72 Eukaryotic Cell Structures and Their Functions Wednesday October 8 2014 809 PM Location of DNA The benefits of organelles Com partmentalization also offers two key advantages 1 Incompatible chemical reactions can be separated 2 Chemical reactions become more efficient Internal membranes and organelles Key differences of Prokaryotes v Eukaryotes 1 Eukaryotic chromosomes are found inside a membranebound CytOSkEIEton compartment called the nucleus 2 Eukaryotic cells are often much larger than prokaryotes 3 Eukaryotes cells contain extensive amounts of internal membrane 4 Eukaryotic cells feature particularly diverse and dynamic cytoskeleton Overall size The Nucleus Chromosomes do not float freely 0 Each chromosome occupies a specific area which will vary over the course of cell replication and different cell types Nucleolus 0 Where mRNA is manufactured 0 large and small ribosomal subunits are assembled Ribosomes Not considered organelles because they are not surrounded by membranes Manufacture proteins Endoplasmic Reticulum ER Portions of nuclear envelope extended into the cytoplasm Continuous with nuclear envelope Single structure containing two regions of distinct structure and function 0 Rough ER I Ribosomes associated with the rER synthesize proteins that will be III Inserted into the plasma membrane III Secreted to the cell exterior III Shipped to an organelle 0 As proteins are manufactured by the rER they move to the interior of the rER the lumen 0 Within the lumen proteins undergo folding and other types of processing 0 Smooth ER I Contains enzymes that catalyze reactions involving lipids I Reservoir of Ca Golgi Apparatus Products of rER pass through the Golgi before they reach their final destination Consists of discrete flattened membranous sacs called cisternae stacked on top of one another Has polarity O Cis surface is closest to the nucleus 0 Trans surface is oriented towards the plasma membrane In between within the cisternae rER39s products are processed and packaged for delivery Lysosomes Function as recycling centers 0 Contain about 40 enzymes specialized for hydrolyzing different types of macromolecules I Proteins I Lipids I Nucleic acids I Carbohydrates D Amino acids nucleotides sugars and other molecules that result from hydrolysis leave the lysosome via transport proteins in the organelles membrane 0 Enzymes are collectively called acid hydrolases because under acidic conditions pH 50 they use water to break monomers from macromolecules O Proton pumps in the lysosomal membrane maintain an acidic pH in the lumen of the lysosome by importing hydrogen ions Module 2 Page 1 Bacteria and Archaea Eukaryotes Inside nucleus membrane bound plasmids extremely rare In nucleoid not membrane bound plasmids also common Large numbers of organelles many types of organelles Extensive internal membranes only in photosynthetic species limited types and numbers of organelles Extensiveusually found throughout volume of the cell Limited in extent relative to eukaryotes Most are larger than prokaryotes Usually small relative to eukaryotes Endomembrane System Acid hydrolases gt Synthesized in ER Processed in Golgi Shipped to Lysosome Wye1340 39awlr de Mums 13 c L a Y Plasma membrane Vacuoles Cells of plants fungi and certain other groups lack lysosomes Instead they contain a prominent organelle called a vacuole Large can take as much as 80 ofthe plant cells volume Some vacuoles contain digestive enzymes but most act as storage units 0 Inside seeds cells may contain large vacuoles filled with proteins Digested to provide amino acids for growing seeds 0 Cells that make up flower petalsfruits contain vacuoles filled with colorful pigments 0 Can be packed with noxious compounds that protect leaves and stems from being eaten by predators Peroxisomes Virtually all eukaryotic cells contain globular organelles called peroxisomes Have a single membrane and originate as buds from the ER Different cells can have different peroxisomes but all are centers of redox reactions 0 Liver cells contain enzymes that remove electrons from or oxidize the ethanol in alcoholic beverages O Glyoxysomes leaves of plants are packed with enzymes that oxidize fats to form a compound that can be used to store energy for the cell 0 Plant seeds are packed with enzymes responsible for releasing energy from stored fatty acids The young plant uses this to grow Mitochondria Powerhouse of the cell Composed of two membranes 0 Outer layer defines surface 0 Inner surface is connected to a series of saclike cristae Solution within the inner membrane is called the mitochondrial matrix Most enzymes and molecular machines responsible for synthesizing ATP reside within the cristae and the matrix Contains small circular DNA 0 Only codes for 37 genes I Includes genes that code for ribosomal RNA produces some but not all proteins necessary 0 Most genes responsible for mitochondria function reside in nucleus Chloroplasts Double membrane analogous to a mitochondria Contains hundreds of thylakoids arranged into stacks called grana Region outside is called stroma 0 Contains enzymes that use energy from photosynthesis to produce sugars Contains copies of circular chromosome and small ribosomes Cytoskeleton Common to all eukaryotic cells 0 Extensive system of protein fibers Give cell shape and structural stability Moving cell and material within the cell Organizes all the organelles and other cellular structures into a cohesive whole The Cell Wall In fungi algae and plants 0 Outer cell wall in addition to plasma membrane Rods or fibers composed of carbohydrates running through a stiff matrix made of other polysaccharides and proteins Nucleus Ribosomes rER sER Endomembrane Golgi system Lysosomes Vacuoles Membrane Double envelope openings called nuclear pores None Single contains receptors for entry of selected proteins Single contains enzymes for synthesizing phospholipids Single contains receptors for products of rER Single contains proton pumps Single contains transnorters Module 2 Page 2 Components Chromosomes Nucleolus Nuclear Lamina Complex of RNA and proteins Network of branching sacs Ribosomes associated Network of branching sacs Mitochondria and Chloroplasts Grow and divide independently of cell division through a process that resembles bacterial fission Biologists believe that mitochondria and chloroplasts were once freeliving bacteria Endosymbiosis theory suggests that ancestral eukaryotes ingested mitochondriachloroplasts and Established a mutually beneficial relationship with them Function Information storage and transmission Ribosome subunit assembly Structural support Protein synthesis Protein synthesis and processing Lipid synthesis and processing Enzymes for synthesizing or breaking down lipids Stack of flattened distinct cisternae Acid hydrolases catalyze hydrolysis reactions Variespigments oils carbohvdrates water or Protein lipid and carbohydrate processing Digestion and recycling Variescoloration storage of oils system Lysosomes Vacuoles Peroxisomes Mitochondria Chloroplasts Cytoskeleton Plasma membrane Cell Wall quotquotUquotI 3939 products of rER Single contains proton pumps Single contains transporters for selected molecules Single contains transporters for selected macromolecules Double inner contains enzymes for ATP production Double plus membranebound sacs in interior None Single contains transport and receptor proteins None Module 2 Page 3 Acid hydrolases catalyze hydrolysis reactions Variespigments oils carbohydrates water or toxins Enzymes that catalyze oxidation reactions Catalase processes peroxide Enzymes that harvest energy from molecules to make ATP Pigments Enzymes that use light energy to make sugars Actin filaments Intermediate filaments Microtubules Phospholipid bilayer with transport and receptor proteins Carbohydrate fibers running through carbohydrate or protein matrix Digestion and recycling Variescoloration storage of oils carbohydrates water or toxins Oxidation of fatty acids ethanol or other compounds ATP production Production of sugars via photosynthesis Structural support movement of materials in some species movement of the whole cell Selective permeabilitymaintains intracellular environment Protection structural support 73 Putting the Parts into a Whole Thursday ctober 9 2014 105 AM Within a cell each component correlates its structure with its function in the same way the overall size shape and composition of a cell correlates with its function Structure and Function at the Whole Cell Level Examples 0 Cell in pancreas I Manufactures and exports digestive enzymes III Packed with rER and Golgi bodies 0 Cell from testis I Exporting steroids and lipids ii sER 0 Cell from a leaf I Specialized for absorbing light and manufacturing sugar III Hundreds of chloroplasts 0 Cell from brown fat I Stored energy of fat gt heat III Packed mitochondria The Dynamic Cell Imaging techniques the differential centrifugation and electron microscopes only allow us to see cells in a snapshot static way At the scale of the cellribosomeorganelle O Gravity is inconsequential 0 Dominant forces are charge based electrostatic attractions between molecules and their energy of motion Examples I In one second III Typical cell uses 10 million ATP molecules III Cellular enzyme catalyzes 25000 or more reactions per second III HundredsThousands of new protein molecules Module 2 Page 4 74 Cell Systems I Nuclear Transport Sunday ctober 122 2 14 12 7 AM Nuclear Lamina Provides an attachment point for the chromosomes each of which occupies a welldefined region in the nucleus Specific Centers exist where genetic information in DNA is decoded and processed At these location large suits of enzymes interact to produce RNA messages from specific genes at specific times Nucleolus functions as the site of ribosome assembly Structure and Function of the Nuclear Envelope Bounded by two lipid bilayers and supported by the nuclear lamina Nuclear pore O Extend through both inner and outer membranes 0 Each pore contains 50 different proteins 0 Called the Nuclearpore complex 0 Exit nucleus I Ribosomal subunits and various types of RNAs 0 Enter Nucleus I Nucleotides and proteins involved in DNA replication How do Large Molecules Enter the Nucleus Size was not sole factor Experimental nucleoplasmin ejected in the cytoplasm wound up in the nucleus 0 Cleaved off core segment of nucleoplasmin from the tails I Found that tails were transported into nucleus whereas core was not Nuclearbound proteins are synthesized by ribosomes in the cytosol and given a nuclear localization signal NLS that marks them for transport through the nuclear pores Proteins that are departing the Nucleus have a different signal Energy demanding process Module 2 Page 5 75 Cell Systems II The Endomembrane System Manufactures Ships and Recycles Cargo Sunday ctober 12 2 14 1258 PM Most of the proteins found in peroxisomes mitochondria and chloroplasts are also actively imported from the cytosol These proteins contain special signal sequences like the NLS that target them to the appropriate organelles Entering the Endomembrane System The Signal Hypothesis The signal hypothesis predicts that proteins bound for the endomembrane system have a molecular zip code analogous to the NLS When proteins normally made in the rER are produced in the cytosol they are 20 amino acids longer than usualy 0 Extra amino acids are a quotsend to ERquot signal 0 Removed within the cell ER signal sequence will move proteins in the lumen 0 Step 1 Protein synthesis begins on a free ribosome in the cytosol The ribosomes synthesizes the ER signal sequence 0 Step 2 The signal sequence binds to a signal recognition particle SRP39s a complex of RNA and protein The attached SRP causes protein synthesis to stop 0 Step 3 The ribosome signal sequence SRP complex moves to the ER membrane where it attaches to the SRP receptor 0 Step 4 Once the receptor and the SRP connect the SRP is released and synthesis resumes 0 Step 5 The growing protein is fed into the lumen through a channel and the signal sequence is removed Once inside the rER proteins are folded into their 3D shape via chaperone proteins Addition of carbohydrate side chains via glycosylation results in a glycoprotein 0 Number and arrangement of these sugars changes as the protein matures serving as an indicator for shipment Moving from the ER to the Golgi Proteins are transported in vesicles that bud off the membrane of the ER and dock at the cis section of the Golgi What happens in the Golgi As the proteins move from cisgttrans they are reacted on by a host of sectionspecific enzymes that further modify the carbohydrates added to the protein in the ER How do proteins reach their destination Proteins will accumulate in the respective vesicle budding sites by attaching to receptors These budding sites form into vesicles and the receptors on the cytosolic side of the vesicle directs Module 2 Page 6 it to the intended target Recycling Material in the Lysosome Molecules outside the cell bind into receptors which pinch off the plasma membrane into vesicles The vesicles bind to the early endosome and proton pumps release the vesicles cargo in the early endosome the vesicles are recycled back into the membrane The early endosome receives digestive enzymes from the Golgi and matures into a lateendosome The late endosome matures into a lysosome that recycles materials via autophagy and phagocytosis O Autophagy I Damaged organelle is surrounded in membrane I Delivered to lysosome O Phagocytosis I Cell engulfs a particle I Phagosome is delivered to lysosome Module 2 Page 7 76 Cell Systems I The Dynamic Cytoskeleton Wednesday September 24 ZDM 627 PM unlit rl39lv39 II n mumquot Three distinct cytoskeletal elements in eukaryotic cell actin filaments intermediate filaments and microtubules mil Halb Ivli lrulu m c furmz Actin Filaments Microfilaments Composed of actin gactin and factin Actin is the most abundant protein in animal cells Structure o A completed actin filament is two globular units of actin that have coiled around each other via monovalent bonds I Polymerize from head to tail I This asymmetric arrangement results in different polarity on the ends III Plus end polymerizes faster than the minus end 0 Each filament is generally unstable and will growshrink depending on the availability of free actin subunits I Cells regulate lengthlongevity via actin binding proteins that stabilizedestabilize their structure Function o In addition to providing structural support actin is also involved in movement 0 Depends on the motor protein Myosin I Converts potential energy of ATP into kinetic energy of mechanical work I When myosin binds and hydrolyzes ATP to ADP It causes a shape change that extends the myosin head along the actin filament and pulls it III Moves towards the plus end I Cytokinesis Actin filaments form a ring around the membrane and pinch it off during cell division I Cytoplasmic Streaming Directed flow of cytosol and organelles within pant cells I Cell crawling Groups of actin filaments grow and bulge the plasma membrane that extend and move the cell Intermediate Filaments Form a flexible skeleton that helps shape the cells surface and hold the nucleus in place Many types of intermediate filaments exist each consisting of different though similar in size and structure types of protein ex Humans have 70 proteins for intermediates as opposed to actin and tuban Intermediate filaments are not polar each end is identical Not involved in directed movement Serve a purely structural role In eukaryotic cells Example Keratin 20 types of Keratin along skin and surfaces within body that provide enough mechanical strength to resist external forces Several cells can also secrete concentrated Keratin which turns into nails and hair Nuclear Lamins also qualify as intermediate filaments 0 Form a dense mesh under the nuclear envelope and anchor chromosomes 0 Also involved in breakup and reassembly of the nuclear envelope when cells divide hm Wings of tunnlxr39l JL 0 o Microtubules Largest cytoskeletal components in terms of diameter Composed of two poly peptides alpha and beta tubulin that exist as stable protein dimers centric3905 Like actin they also have polarity AlnhndIlhnlin 3 mimic nnrl Module 2 Page 8 Composed of two poly peptides alpha and beta tubulin that exist as stable protein dimers Like actin they also have polarity Alphatubulin gt minus end Betatubulin gt plus end Dynamic and grow faster at plus end compared to minus end Originate from microtubule organizing center MTOC 0 Plus ends grow outward radiating throughout the cell I Plant cells typically have hundreds of MTOC39s I Animal cellsfungal cells have just one near nucleus In animals MTOC contains structure called centrosome 0 Houses two bundles of microtubules called centrosomes I Microtubules do not grow directly from centrioles When ATP is hydrolyzed by kinesin the protein moves along microtubules in a directional manner towards the plus end Flagella and Cilia Moving the Entire Cell Flagella are long whip like projections from the cell surface that function in movement While many bacteria and eukaryotes have flagella the structure is completely differetn in the two groups Bacterial flagella are helical rods made of a protein called flagellin o Create movement by rotating rod like a propeller Eukaryotic flagella consist of several microtubules constructed from tubulin fibers 0 Create movement by undulating whipping back and forth Based on these observations biologists believe these two structures evolved independently Although they have the same function Eukaryotic flagella are closely related to cilia o Flagella are generally much longer and is far less abundant o Underlying organization is identical Axoneme quot92quot arrangement of microtubules o 9 microtubule doublets surrounding 2 central microtubules o Originate from basal body I Identical to centriole O Sporelike proteins connect doublets to central pair Molecular links connects doublets to one another 0 Each doublet has set of arms that connect to adjacent doublet 0 What Provides the Force Required for Movement Energy using process Protein dynein uses ATP to move along microtubules towards the minus end f dynein arms on just one side of axoneme are activated then the movement results in the bending ofthe ciliaflagella which results in a swimming motion Module 2 Page 9 v pair ul centrioms IA ILBI Microtubules growing from nuchmhng Sites on centrosome Inna dynein Ouu dymm arm Nonquot 111 The Cell Surface Monday ctober 132 2 14 454 PM The Structure and Function of an Extracellular Layer Almost all extracellular structures are composed of fiber composites 0 RodsFilamentsFibers I Effective at withstanding stretching and straining forces tension I Resist being pushed or pulled lengthwise 0 Ground substance I Effective at withstanding pressing forces of compression I Gelforming mixture of polysaccharides The Cell Wall in Plants Primary Cell Walls 0 Fibrous component of primary cell wall is composed of bundles of cellulose called microfibrils I Cross linked by other polysaccharide filaments I Synthesized by enzymes in plasma membrane 0 Space between microfibrils is filled with gelatinous pectin I Hydrophilic can attract and hold large quantities f water I Synthesized in rER and Golgi 0 Primary cell walls defines shape of a plant cell Secondary Cell Walls 0 When plant cells mature and stop growing they can secrete and additional layer of material between the plasma membrane and the primary cell wall 0 The structure of the secondary cell wall varies from cell to cell in the plant and correlates with that cell39s function I Examples 11 Leaves 0 2nd cell wall secretes waterproof wax 11 Stem 0 Contain great deal of cellulose III Woodforming 0 Lignin forms an exceptionally rigid network The Extracellular Matrix in Animals Most animal cells secrete a fiber composite called the extracellular matrix ECM Structural support is one of the ECM39s most important functions Contains much more proteins relative to carbohydrates than a cell wall 0 Fibrous component I Collagen 0 Matrix that surrounds collagen I Proteoglycans Most ECM components are synthesized in the rER processed in the Golgi and secreted from the cell via exocytosis ECM varies depending on the tissue 0 Bone has few cells and lots of ECM Module 2 Page 10 0 Skin cells are packed together will minimum ECM Transmembrane proteins called integrins bind to both the cytoskeleton and the ECM O This cytoskeletonECM linkage keeps the cell anchored in place and helps adjacent cells adhere t one another Module 2 Page 11 112 How Do Adjacent Cells Connect and Communicate Monday October 13 2014 705 PM CellCell Attachments in Multicellular Eukaryotes Epithelium 0 Forms barrier between internal and exterior surfaces Indirect Intercellular Attachments 0 The extracellular space between adjacent plant cells comprises three layers I The primary cells walls of the adjacent cells sandwich and area called them middle lamella iI composed of pectins that are continuous with the primary cells walls ofthe adjacent cells gluing them together 0 The extracellular space between adjacent animal cells integrins connect the cytoskeleton of each cell to the extra cellular matrix I A middlelamellalike layer of gelatinous proteins and proteoglycans run between adjacent cells and along with cytoskeletonECM connections cold cells together Tight Junctions Form a Seal between Cells 0 Cellcell attachment composed of specialized proteins in the plasma membranes of adjacent animal cells prevents solutions from flowing through the space between the two cells 0 Dynamic and variable I can loosen and tighten in response to environmental condition Good at holding cells together but can be broken easily 0 0 Cells Communicate via CellCell gaps o In both plants and animals direct connections between cells in the same tissue help them to work in a coordinated fashion 0 Create channels directly between cells I Can alter which proteins are produce and which are not by regulating gene expression I Can activate or deactivate Gap Junctions Connect Animal Cells via Protein Channels Protein channels along cell membranes that create pores between the cells allow water ions and small molecules 0 amino acids sugars and nucleotides allow rapid passage of regulatory ions or molecules Plasmodesmata Connect Plant Cells via Membrane Channels 0 connects sER of two adjacent plant cells Module 2 Page 12 tight junction zona occludens surface basal surface apical cell protein strands cell 2 113 How Do Distant Cells Communicate Tuesday ctober 14 2 14 1235 AM CellCell Signaling in Multicellular Organisms Most lipidsoluble signaling molecules are able to diffuse across the hydrophobic region of the plasma membrane and enter the cytoplasm of their target cells Large of hydrophilic signaling molecules are lipid insoluble and do not cross the plasma membrane To affect a cell they have to be recognized at the cell surface GProteinCoupled Receptors Step 1 Signaling receptor arrives and binds to a receptor in the plasma membrane Receptor is coupled to a Gprotein Step 2 In response to binding the receptor changes its shape and removes the GDP from its G protein allowing it to bind GTP This changes the Gproteins shape the active subunit of Gprotein splits off Step 3 Active Gprotein subunit binds to an enzyme which leads to the production of secondary messengers 0 small and diffuse rapidly O activate protein kinases Receptor Tyrosine Kinases Step 1 Signaling molecule binds to RTK Step 2 RTK subunits bind to form a dimer and phosphorylyze themselves Step 3 Proteins attach to phosphorylated RTK and form a bridge with Ras a Gprotein Step 4 Ras triggers a kinase Step 5 Cascade occurs Module 2 Page 13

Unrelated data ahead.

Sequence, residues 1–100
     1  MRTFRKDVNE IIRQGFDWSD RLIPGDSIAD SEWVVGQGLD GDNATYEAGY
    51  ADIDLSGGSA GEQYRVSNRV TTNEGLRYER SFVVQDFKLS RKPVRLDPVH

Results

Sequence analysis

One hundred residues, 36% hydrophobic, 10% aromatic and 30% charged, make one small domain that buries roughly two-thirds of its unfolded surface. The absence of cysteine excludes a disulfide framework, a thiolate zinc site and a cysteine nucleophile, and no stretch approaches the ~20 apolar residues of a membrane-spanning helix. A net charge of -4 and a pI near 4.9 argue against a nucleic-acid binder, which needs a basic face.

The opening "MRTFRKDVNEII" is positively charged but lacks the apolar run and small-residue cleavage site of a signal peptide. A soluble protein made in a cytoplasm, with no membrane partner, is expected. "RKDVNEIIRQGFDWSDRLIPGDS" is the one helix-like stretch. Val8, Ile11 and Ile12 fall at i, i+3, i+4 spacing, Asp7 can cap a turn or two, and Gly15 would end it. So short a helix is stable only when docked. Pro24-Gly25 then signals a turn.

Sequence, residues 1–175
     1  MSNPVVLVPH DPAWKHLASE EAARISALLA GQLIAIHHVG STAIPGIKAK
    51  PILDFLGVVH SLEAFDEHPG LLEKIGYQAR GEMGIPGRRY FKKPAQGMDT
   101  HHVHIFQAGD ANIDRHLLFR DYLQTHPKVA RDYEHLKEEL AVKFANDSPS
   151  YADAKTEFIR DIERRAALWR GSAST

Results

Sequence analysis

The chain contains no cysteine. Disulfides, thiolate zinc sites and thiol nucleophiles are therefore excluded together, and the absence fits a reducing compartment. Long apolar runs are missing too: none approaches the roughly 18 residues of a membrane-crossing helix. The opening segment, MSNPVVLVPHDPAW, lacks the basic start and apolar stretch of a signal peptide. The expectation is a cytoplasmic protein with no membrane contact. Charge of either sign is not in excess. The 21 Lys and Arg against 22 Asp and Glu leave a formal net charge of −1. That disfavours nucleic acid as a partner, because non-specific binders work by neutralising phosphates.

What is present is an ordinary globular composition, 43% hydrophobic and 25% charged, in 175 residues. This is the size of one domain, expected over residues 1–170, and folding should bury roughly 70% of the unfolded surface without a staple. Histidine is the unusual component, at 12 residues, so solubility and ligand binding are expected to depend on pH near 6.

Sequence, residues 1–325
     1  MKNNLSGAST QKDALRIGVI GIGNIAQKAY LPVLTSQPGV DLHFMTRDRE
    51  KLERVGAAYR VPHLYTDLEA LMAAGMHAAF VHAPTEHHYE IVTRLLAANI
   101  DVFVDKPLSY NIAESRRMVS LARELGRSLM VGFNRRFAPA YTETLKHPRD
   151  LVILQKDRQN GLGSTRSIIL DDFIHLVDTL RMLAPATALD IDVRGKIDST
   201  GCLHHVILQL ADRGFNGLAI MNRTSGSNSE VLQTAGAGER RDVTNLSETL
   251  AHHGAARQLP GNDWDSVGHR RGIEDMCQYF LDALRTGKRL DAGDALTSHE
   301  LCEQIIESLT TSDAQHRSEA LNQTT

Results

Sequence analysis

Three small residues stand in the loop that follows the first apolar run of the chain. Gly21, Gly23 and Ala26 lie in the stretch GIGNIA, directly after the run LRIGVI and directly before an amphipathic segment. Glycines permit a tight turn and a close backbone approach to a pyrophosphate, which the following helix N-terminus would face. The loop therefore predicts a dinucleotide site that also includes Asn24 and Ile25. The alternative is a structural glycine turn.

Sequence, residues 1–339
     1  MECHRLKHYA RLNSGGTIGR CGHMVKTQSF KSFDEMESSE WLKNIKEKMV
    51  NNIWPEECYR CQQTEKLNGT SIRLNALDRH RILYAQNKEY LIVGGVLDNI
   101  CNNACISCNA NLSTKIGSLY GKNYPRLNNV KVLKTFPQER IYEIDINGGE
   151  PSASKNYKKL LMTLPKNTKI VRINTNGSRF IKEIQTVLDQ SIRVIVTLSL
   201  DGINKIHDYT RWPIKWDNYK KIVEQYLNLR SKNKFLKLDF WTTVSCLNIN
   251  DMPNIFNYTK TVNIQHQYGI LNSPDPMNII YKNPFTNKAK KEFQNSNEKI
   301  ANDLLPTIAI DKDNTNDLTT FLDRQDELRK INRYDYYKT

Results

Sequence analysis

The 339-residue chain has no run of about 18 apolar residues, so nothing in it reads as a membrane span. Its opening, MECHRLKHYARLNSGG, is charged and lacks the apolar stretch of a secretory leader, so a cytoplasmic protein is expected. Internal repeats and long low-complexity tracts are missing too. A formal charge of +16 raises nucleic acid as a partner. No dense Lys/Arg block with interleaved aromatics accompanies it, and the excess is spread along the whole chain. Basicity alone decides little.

Are you sure you want to buy this material for
You're already Subscribed!
Looks like you've already subscribed to StudySoup, you won't need to purchase another subscription to get this material. To access this material simply click 'View Full Document'